After dropping Zoe off at preschool, I headed out to my periodontist consultation. My gum on my upper front right tooth is pulling away from the tooth and I needed to have a specialist look at it. The office was on the other side of Aurora, and so I trekked over that way and passed several interesting stores on the way. One was a free standing Carson Pirie Scott, which I didn't even know existed! (The free standing part, not the store itself. I've just never seen a CPS outside of a mall.) The other, right across the way from the Carson Pirie Scott store, was called Thrift and Dollar. It got my curiosity and as my consultation only took about 20 minutes, I had some time to kill before having to bus the carpool kids home.
I drove by the Thrift and Dollar, parked, and went inside. As I entered the store, three ladies carrying a plastic toddler bed passed me saying, "What a blessing! Lord we thank you for this bed. Only $30! Thank you, Lord." I looked around and immediately recognized the set up as a store that sells donated goods (like a Goodwill or Salvation Army store.) I took a look at some of the clothes, then started perusing the furniture. There were some great things there! Some of the dressers were surely antiques, though many needed some TLC. After walking through the furniture I noticed the knick knacks. I looked for some angels for my mom, but didn't find any that I liked. There were tons of religious figurines and several Easter bunnies, as well as a few buddhas and some porcelain girls holding parasols.
After looking at the knick knacks, a lovely large brown plate caught my eye. It looked to be from the 70's, judging by the colors and design. It was an orangeish-brown iron stone plate, with a dark brown rim and three dark brown flowers on the inside. I immediately liked it and kept it in the back of my mind.
I looked around some more at all of the little dishes, gravy boats, glasses, mugs and plates. There was so much to take in. I think I could fill my cupboards with so many of the quaint little designs I saw there. Maybe if I ever get new everyday dishes I'll just go back there and buy a mish mosh of cute plates. That really appeals to me on two levels. One, I'll be recycling by reusing perfectly good dishes. Two, I think different patterns would be fun to have on the table.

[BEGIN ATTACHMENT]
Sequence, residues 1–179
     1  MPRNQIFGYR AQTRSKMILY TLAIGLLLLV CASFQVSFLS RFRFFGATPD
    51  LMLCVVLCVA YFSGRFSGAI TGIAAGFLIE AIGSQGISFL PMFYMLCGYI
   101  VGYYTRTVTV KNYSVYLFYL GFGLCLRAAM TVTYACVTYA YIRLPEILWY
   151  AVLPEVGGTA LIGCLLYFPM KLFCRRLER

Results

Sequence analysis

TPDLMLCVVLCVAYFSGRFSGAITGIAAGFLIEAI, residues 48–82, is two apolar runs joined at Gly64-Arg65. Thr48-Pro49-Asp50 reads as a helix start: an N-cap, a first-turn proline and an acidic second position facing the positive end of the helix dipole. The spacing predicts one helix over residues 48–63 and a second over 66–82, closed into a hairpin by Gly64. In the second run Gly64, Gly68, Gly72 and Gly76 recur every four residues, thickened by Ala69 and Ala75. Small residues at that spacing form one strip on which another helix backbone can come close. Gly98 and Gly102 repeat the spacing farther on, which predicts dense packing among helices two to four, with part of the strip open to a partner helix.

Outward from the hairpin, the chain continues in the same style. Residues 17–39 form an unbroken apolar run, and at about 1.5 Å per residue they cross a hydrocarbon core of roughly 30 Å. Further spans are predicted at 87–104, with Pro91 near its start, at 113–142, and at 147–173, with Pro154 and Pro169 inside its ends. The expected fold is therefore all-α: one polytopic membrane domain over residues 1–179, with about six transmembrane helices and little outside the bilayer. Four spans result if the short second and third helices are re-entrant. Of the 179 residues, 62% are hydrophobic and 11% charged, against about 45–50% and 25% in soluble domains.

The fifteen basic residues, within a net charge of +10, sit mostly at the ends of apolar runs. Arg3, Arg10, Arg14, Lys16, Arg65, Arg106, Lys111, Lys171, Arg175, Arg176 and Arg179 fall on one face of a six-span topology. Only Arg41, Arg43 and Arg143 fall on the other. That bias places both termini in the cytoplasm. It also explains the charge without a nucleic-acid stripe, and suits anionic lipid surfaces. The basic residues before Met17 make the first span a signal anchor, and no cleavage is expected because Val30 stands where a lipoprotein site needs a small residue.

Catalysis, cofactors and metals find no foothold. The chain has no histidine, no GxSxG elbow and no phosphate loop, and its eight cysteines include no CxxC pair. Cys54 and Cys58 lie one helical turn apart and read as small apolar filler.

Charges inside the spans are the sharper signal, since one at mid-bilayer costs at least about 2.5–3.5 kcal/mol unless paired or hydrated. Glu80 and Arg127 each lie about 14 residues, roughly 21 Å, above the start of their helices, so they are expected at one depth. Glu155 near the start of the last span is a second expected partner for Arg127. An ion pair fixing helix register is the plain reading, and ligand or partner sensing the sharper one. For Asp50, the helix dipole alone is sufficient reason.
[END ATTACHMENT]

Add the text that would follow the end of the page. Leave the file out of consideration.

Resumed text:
I wish I would have had my camera. The old irons, the fancy wine glasses, the old tools, the end tables exactly like the kind my husband and I had when we first got married (they were hand me downs then, too), the racks and racks of clothing. I could have shown you some really amazing things. One of my favorite was some old Corelle (I think - maybe they were Libby) glasses that my Mom had when we were growing up. They are hideous brown glasses with flowers around the top. And as ugly as they are, it was fun to see they still existed somewhere.
Anyways, I checked my wallet and realized that I only had $3 in cash. Most of these stores don't take credit cards, so my $3 and change was going to have to stretch. While perusing all the various dishes, another plate caught my eye. This one had a painting of The Museum of Science and Industry right in the middle of it. Around that are four drawings of various exhibits inside the museum. On the back it tells of the founder of the museum and the museum's purpose. There is no date unfortunately, but it does name the company that made the plate and the fact that the plate was made right here in the USA. The price on the tag: $3.
Living in the Chicago area, and my husband growing up here, I knew this was something special. I decided I had to have this plate to hang in my house. So, I bought it. Now I just have to buy some of those plate hanging kits and soon this great plate will be hanging up in a special place.
I love it!